Profile: Painter | Kedron Barrett ’79
Kedron Barrett ’79 is a painter, who grew up on the campus of St. Paul’s School, the son of SPS Fine Arts Program founder Tom Barrett. In 1983, the younger Barrett went to Berlin, Germany, on a postgraduate fellowship from Yale. There he immersed himself in painting on both sides of the then-divided city. With the help of another grant, a growing circle of collectors, and, in time, a family, Berlin became his artistic home. He currently splits his time between Berlin, Hinrichshagen (Mecklenburg), Germany, where he also has a studio, and Castine, Maine.
What is most satisfying about the work you do?
When I realize I’ve made something that’s smarter than I am.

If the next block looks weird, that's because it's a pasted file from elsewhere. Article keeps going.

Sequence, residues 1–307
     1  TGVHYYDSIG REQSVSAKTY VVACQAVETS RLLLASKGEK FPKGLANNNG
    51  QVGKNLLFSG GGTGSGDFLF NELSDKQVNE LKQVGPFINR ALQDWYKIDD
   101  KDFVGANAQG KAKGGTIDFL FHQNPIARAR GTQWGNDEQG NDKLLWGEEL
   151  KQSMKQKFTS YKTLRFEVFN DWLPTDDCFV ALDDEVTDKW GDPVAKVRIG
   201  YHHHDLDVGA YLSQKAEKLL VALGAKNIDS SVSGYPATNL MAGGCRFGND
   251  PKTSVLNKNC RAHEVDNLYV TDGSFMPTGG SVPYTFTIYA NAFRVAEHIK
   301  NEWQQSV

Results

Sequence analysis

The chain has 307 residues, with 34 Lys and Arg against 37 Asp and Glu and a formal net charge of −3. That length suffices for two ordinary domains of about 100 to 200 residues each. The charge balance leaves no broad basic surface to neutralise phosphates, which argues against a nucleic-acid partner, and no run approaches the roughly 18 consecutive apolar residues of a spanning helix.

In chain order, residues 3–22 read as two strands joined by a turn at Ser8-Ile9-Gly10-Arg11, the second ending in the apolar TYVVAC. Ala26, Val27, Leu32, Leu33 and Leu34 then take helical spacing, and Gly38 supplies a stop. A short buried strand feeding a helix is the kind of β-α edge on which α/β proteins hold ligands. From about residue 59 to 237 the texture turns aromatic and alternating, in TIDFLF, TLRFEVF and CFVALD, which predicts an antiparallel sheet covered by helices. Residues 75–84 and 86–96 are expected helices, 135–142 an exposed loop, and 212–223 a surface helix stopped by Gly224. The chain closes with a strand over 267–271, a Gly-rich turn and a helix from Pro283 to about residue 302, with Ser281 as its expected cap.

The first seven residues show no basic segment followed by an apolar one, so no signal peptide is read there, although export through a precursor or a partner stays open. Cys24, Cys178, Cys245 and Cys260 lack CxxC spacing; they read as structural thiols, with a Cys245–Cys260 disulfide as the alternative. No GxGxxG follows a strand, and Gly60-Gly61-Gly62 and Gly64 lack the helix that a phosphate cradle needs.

At what point did you realize a career in the arts was viable, and what helped you realize that?
During my third semester in college, reading van Gogh’s letters made it clear to me that becoming a painter was less a question of viability than it was one of inevitability. I prefer to think of the artist’s path not in terms of career but of vocation, in the etymological sense of the word – as a calling. The rest either sorts itself out, or it doesn't.
Why are the arts still a crucial component of formal education?
In order to optimize the brain’s plasticity in the formative stage of education, the associative, the intuitive, and the sensual are equally as important as the rational and the scientific. How can a balanced education not include the arts?